Lots of America’s pawn shops are one-outlet businesses, but there are chains, too. Here’s a feature about a fast-growing chain in the Southeast.
We find it interesting because the interviewer asked about “the seedy reputation of the pawn business.”
Rather than pretending it doesn’t exist, more and more pawn businesses are tackling this issue in public. (Maybe it helps that the reputation of non-fringe lenders has gotten more seedy since 2008.)
Anyhow, Robbie Whitten has a good, succinct response to that question:
We’ve been fighting negative images for years. Pawn shops can be kind of shady, but the reality TV shows have been a big boost to the industry and its reputation. Now a lot of mom-and-pop shops are cleaning up their stores to take advantage of the interest.
There are a lot of new customers coming in who say they’ve never been in a pawn shop and want to check it out. We don’t want them to feel like they’re in a pawn shop. On one side we want them to think they’re in a fine jewelry store, and in the sporting goods section we want them to think they’re in a Bass Pro shop, with a department store in between.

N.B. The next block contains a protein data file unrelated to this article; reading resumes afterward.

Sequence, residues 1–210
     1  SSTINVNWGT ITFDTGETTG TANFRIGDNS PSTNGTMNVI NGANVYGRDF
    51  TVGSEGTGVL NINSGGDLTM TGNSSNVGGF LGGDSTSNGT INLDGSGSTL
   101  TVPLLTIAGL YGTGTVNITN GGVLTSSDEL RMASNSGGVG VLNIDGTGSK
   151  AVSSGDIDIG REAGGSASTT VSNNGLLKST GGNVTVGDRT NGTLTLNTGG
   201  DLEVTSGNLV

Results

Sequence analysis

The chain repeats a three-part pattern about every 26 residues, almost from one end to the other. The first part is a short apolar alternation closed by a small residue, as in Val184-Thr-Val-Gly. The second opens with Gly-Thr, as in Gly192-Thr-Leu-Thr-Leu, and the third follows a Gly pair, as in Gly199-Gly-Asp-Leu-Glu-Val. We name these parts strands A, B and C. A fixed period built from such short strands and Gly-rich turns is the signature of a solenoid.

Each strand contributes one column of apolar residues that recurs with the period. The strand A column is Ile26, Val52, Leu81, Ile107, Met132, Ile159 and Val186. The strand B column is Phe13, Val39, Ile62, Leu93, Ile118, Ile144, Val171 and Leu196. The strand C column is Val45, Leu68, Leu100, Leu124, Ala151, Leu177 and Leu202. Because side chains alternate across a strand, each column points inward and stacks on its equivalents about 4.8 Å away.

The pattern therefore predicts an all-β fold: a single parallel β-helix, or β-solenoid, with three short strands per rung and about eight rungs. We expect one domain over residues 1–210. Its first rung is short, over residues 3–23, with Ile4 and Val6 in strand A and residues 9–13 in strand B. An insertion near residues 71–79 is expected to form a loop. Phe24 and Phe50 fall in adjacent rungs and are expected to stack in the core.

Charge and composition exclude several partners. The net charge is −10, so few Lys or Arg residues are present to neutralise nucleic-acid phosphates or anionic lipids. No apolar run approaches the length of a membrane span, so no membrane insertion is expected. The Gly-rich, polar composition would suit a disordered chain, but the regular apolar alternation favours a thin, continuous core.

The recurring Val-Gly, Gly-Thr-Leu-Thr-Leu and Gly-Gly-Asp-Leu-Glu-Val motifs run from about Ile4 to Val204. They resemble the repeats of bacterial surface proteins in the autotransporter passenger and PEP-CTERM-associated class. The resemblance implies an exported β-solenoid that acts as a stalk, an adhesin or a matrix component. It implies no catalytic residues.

Later in the interview, Whitten says:
There are lots of guys, like real-estate agents, who were making six figures that are now living on 40 grand. They can’t borrow $3,000 or $4,000 from the bank anymore–they just don’t make those types of personal loans. The term we like to use in the industry is “underbanked.” But these people have lots of nice tangible assets. They might have a Rolex or a $500 Ping driver they can sell.
That’s where Kamaaina Loan gets a lot of its resale merchandise. We even have a Private Viewing Room for customers who (we think) are either embarrassed to be seen in the pawn lobby or, perhaps, don;t want to be seen making a $50,000 cash transaction.
Economists list pawn shops as “fringe banking” institutions, because they serve what Whitten calls the “underbanked.” At least a quarter of Americans don’t have an account with a commercial bank. And not all of them are wearing Rolexes.
We prefer to think of ourselves as the most democratic of all “banks.” If your income is $100,00o-plus, we’ll be happy to serve you. And if it’s $10,0o0-minus, we’ll be happy to serve you.